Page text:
Vegan food stuffed with salt, poses health risk - study

Australian researchers are warning vegans that their meat-free alternative food can pose significant health risks.

A new study released on Wednesday reveals that many of the products favoured by vegans are highly processed and stuffed with an unhealthy amount of salt.

The researchers surveyed 190 products and found meat-free bacon had on average 2g salt per 100g - more than a third of a day's worth of salt. Falafels and meat-free sausages also had on average around a quarter of a day's salt intake. 

But shockingly, one vegan pie contained half of the daily recommended salt intake in just one serve. 

The research from The George Institute for Global health, VicHealth and the Heart Foundation says that the daily recommended salt intake is less than a teaspoon - about 5g.

"Our research showed that there are large ranges in the amount of salt between meat alternative products, but it is possible to choose a healthier item by picking the lower salt option. It also clearly shows that manufacturers can produce products that are much lower in salt," says Heart Foundation dietitian Sian Armstrong.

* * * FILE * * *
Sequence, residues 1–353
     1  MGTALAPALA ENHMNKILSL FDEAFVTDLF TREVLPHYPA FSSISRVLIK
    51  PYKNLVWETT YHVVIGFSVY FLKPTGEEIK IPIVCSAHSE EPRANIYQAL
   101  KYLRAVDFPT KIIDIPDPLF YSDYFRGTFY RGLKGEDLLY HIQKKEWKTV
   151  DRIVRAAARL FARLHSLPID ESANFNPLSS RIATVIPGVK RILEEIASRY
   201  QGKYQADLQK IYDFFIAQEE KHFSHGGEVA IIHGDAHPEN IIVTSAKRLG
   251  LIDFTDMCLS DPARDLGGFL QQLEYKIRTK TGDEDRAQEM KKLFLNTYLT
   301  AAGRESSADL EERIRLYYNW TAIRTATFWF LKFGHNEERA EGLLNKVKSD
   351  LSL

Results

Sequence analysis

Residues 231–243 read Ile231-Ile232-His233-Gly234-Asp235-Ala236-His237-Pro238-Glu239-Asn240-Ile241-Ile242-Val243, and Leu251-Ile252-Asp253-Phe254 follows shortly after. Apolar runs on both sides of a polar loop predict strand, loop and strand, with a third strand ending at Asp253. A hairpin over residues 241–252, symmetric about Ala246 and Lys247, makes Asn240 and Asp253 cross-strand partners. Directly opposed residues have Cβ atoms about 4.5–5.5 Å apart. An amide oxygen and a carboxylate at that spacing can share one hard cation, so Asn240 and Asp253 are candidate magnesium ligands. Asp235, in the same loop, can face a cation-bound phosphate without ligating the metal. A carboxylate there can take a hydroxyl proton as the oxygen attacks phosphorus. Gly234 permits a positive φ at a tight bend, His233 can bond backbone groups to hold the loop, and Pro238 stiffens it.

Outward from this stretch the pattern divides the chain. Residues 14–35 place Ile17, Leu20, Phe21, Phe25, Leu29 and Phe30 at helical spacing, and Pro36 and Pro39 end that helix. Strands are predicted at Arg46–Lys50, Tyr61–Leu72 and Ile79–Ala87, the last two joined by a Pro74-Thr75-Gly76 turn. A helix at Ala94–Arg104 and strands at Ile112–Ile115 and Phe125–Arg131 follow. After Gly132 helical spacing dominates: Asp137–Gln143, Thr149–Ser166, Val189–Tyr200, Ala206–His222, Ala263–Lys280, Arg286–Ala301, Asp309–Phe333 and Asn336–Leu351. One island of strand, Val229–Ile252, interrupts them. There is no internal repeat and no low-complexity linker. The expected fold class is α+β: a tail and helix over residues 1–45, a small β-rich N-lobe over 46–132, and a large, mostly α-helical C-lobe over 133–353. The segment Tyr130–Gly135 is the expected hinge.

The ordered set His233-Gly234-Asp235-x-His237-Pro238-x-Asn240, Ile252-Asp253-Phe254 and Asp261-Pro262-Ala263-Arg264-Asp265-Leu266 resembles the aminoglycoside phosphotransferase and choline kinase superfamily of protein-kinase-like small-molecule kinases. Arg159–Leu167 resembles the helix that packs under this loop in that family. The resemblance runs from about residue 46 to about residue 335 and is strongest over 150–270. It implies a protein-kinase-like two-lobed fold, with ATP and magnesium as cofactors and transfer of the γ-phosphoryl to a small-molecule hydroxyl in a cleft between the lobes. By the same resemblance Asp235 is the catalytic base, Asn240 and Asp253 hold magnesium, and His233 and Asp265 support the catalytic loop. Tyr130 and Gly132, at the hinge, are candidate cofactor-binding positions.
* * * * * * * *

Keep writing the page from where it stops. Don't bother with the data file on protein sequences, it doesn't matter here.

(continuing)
The researchers said more of the salty products are also coming onto the Australian market.

For example, the number of meat-free burgers in Australia increased by 289 percent betwen 2010 and 2019. The number of falafel products jumped 380 percent.

The George Institute's senior public health nutritionist and the lead researcher, Clare Farrand, said reducing salt intake could save consumers' lives.

"It's concerning that, in nearly a decade, there has been no change to the salt levels in any of the meat alternative products we looked at, and that new products coming on to the market are so high in salt, despite government commitments to reduce population salt intake."

The Heart Foundation Victoria chief executive Kellie-Ann Jolly says having too much salt is linked to high blood pressure, meaning consumers should watch out.

"The growing number of Australians choosing to eat more plant-based foods is a positive move for health, but it is important that people focus on the quality and sources of plant foods, as some can be highly processed and lacking in nutrients."

Too much salt is also associated with stroke and heart failure. 

New findings from a study last week found that vegans and vegetarians had a 20 percent higher risk of stroke than meat-eaters. One theory behind those findings is that Vitamin B 12 is mostly found in meat and fish which strict vegans don't consume. 

The researchers recommend consumers check the labels of products and be aware of portion sizes.

The study's findings can be found here.